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Up Against the Wall Motherf**ker!: A Memoir of Anarchism in the '60s

In 1967, I became a founding member of an anarchist street gang -- an unexpected career move for a nice Jewish boy with an MA in history.
 
 
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Editor's Note: The following is an excerpt from Up Against the Wall Motherf**ker: A Memoir of the '60s, with Notes for Next Time, by Osha Neumann, published by Seven Stories Press, 2008.

In 1967, I became a founding member of an anarchist street gang called Up Against the Wall Motherfuckers, an unexpected career move for a nice Jewish boy with an MA in history from Yale.

We called ourselves the Motherfuckers. We saw ourselves as urban guerrillas swimming in the countercultural sea of freaks and dropouts (we didn't like the media term "hippies") who had swarmed to the cheap-rent tenements of the Lower East Side of New York. Those young dropouts were our base, and we attempted to organize them for total revolution through rallies, free feasts, raucous community meetings, and a steady stream of mimeographed flyers. Against the vapid spaciness of "flower power" we proclaimed the need for "Armed Love." Our rhetoric was inflammatory and often violent.

We gave speeches and wrote manifestos, but above all we believed in propaganda of the deed. We engaged in constant confrontations with the police. We would start riots, get arrested, start another one to protest our arrests, and get arrested again. After one of my arrests I appeared before a judge who called me "a cross between Rap Brown and Hitler." I greeted his summation of my character with a mixture of pride and shame. I felt like a kid whose scary Halloween costume has been more successful than he intended.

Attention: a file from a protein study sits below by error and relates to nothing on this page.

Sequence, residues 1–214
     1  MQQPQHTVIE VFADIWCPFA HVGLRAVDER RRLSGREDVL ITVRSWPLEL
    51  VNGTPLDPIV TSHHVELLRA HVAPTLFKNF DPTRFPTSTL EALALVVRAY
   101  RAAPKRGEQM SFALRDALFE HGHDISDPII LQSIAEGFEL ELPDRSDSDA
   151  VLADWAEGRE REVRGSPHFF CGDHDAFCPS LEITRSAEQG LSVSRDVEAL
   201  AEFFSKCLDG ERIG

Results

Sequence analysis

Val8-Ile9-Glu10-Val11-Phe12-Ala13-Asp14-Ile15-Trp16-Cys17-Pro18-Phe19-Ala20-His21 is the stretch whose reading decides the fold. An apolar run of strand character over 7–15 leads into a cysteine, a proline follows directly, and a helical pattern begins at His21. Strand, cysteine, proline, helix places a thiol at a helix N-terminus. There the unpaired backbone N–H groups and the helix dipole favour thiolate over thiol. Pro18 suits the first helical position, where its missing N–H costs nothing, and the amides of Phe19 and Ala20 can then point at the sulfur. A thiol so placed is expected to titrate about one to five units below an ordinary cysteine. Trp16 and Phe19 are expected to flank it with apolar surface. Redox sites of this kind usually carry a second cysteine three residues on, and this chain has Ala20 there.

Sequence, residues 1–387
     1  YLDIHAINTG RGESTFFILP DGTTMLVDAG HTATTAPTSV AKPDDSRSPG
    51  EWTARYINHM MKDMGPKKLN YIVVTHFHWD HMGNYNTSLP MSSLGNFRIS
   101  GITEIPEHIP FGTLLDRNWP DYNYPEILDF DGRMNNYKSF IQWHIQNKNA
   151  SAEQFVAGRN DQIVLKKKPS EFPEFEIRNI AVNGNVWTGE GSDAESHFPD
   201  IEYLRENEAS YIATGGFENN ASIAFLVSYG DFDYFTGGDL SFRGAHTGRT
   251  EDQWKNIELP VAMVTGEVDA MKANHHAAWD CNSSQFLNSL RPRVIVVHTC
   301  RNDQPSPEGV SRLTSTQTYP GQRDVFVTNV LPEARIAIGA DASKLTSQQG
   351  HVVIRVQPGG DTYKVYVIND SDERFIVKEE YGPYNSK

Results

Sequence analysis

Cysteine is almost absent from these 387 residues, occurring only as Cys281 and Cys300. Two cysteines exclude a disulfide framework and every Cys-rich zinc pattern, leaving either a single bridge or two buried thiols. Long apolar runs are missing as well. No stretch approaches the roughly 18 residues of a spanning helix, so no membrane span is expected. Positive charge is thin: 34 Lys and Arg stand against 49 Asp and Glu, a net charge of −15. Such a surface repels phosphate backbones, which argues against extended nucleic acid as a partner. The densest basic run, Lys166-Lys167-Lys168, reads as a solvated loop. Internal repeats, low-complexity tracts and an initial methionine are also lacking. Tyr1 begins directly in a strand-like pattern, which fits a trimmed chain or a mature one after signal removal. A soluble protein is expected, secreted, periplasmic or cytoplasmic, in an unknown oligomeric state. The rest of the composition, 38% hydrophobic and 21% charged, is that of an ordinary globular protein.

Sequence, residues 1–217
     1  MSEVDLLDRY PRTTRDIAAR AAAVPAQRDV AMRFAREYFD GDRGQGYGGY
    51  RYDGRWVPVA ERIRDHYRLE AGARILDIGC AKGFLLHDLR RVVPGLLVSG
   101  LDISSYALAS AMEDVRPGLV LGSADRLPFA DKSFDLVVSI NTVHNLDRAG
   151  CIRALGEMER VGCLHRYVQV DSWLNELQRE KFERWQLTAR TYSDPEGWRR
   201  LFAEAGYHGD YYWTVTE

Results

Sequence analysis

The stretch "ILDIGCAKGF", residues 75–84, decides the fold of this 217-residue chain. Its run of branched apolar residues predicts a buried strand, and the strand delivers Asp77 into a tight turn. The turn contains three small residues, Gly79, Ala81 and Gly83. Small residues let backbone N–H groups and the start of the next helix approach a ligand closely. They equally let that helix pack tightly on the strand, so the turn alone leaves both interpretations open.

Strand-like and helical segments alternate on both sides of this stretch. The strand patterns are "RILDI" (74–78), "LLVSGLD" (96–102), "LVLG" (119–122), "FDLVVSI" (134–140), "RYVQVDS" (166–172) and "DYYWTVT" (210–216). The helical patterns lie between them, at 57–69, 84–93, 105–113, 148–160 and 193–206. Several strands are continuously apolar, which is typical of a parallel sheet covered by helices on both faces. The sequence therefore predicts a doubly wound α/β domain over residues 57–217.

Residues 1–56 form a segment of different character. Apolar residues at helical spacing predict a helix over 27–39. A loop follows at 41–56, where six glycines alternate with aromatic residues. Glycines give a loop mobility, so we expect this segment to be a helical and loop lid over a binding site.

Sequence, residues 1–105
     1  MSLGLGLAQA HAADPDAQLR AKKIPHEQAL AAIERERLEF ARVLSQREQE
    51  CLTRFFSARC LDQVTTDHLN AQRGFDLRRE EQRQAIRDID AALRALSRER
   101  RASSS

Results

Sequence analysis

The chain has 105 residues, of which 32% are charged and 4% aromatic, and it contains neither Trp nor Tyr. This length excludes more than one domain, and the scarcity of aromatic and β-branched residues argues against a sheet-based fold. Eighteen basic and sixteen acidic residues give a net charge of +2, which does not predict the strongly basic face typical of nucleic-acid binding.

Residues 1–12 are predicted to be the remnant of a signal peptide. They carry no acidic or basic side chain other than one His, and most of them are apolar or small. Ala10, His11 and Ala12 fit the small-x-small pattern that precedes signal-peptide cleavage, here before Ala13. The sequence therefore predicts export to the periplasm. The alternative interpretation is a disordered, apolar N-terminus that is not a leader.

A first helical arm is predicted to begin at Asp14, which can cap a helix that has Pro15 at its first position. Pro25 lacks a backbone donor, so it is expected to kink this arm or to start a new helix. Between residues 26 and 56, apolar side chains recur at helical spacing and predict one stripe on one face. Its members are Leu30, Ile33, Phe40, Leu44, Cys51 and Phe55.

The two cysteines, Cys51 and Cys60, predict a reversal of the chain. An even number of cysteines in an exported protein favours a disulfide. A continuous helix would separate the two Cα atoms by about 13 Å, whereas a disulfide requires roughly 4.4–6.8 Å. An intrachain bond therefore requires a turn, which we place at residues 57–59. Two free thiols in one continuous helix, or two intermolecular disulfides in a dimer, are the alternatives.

As a child I'd imagined I was destined to become a professor and write books. My parents were German Jewish refugees from the Nazis. My father was Franz Neumann, the author of "Behemoth", a seminal study of fascist Germany. His best friend was Herbert Marcuse. Herbert's most famous books, "Eros and Civilization" and "One-Dimensional Man", are philosophical critiques of civilization and its discontents that rejected the rigid analytic framework of dogmatic Marxism. His writing and speeches provided theoretical legitimization to the unorthodox countercultural movements of the Sixties and made him something of a father figure to a generation that generally distrusted anyone over thirty.

Herbert moved into our house after his wife Sophie died of cancer in 1951. While living with us he continued a secret affair with my mother that had begun sometime earlier. Inge, my mother, was a brilliant woman, who sacrificed her own ambitions in order to do what was expected at the time of a mother and faculty wife. Her marriage to Franz was not a happy one. I suspect that in her unhappiness, she vented her frustration on me. We fought endlessly.

I grew up in a Manichean world. Fascism was the expression of the irrational; reason was its opposite. The distinction was clear and unambiguous. By the time I reached junior high school I had already reached the conclusion that our home was the clean well-lighted citadel of reason and I was an irrational foul-smelling insect befouling it. I became obsessive and introverted.

In becoming a Motherfucker I renounced my commitment to ordered discourse, the traffic in abstractions, respect for explanations, the demand for coherence, and the subordination of impulse and emotion -- all of which I thought of as characteristic of a life committed to reason. I grew fierce in my scorn for theory. I felt most alive when running in the streets with no thoughts in my head but where the cops were and how to avoid them. But my apostasy was never complete. As the Mafia don longs for respectability, as the dealer in prostitutes and drugs can be the staunchest proponent of family values, so I, the rebellious child of reason, longed for the respectable cloak of rationality and pledged allegiance to reason even as I plunged headlong into the irrational.

 
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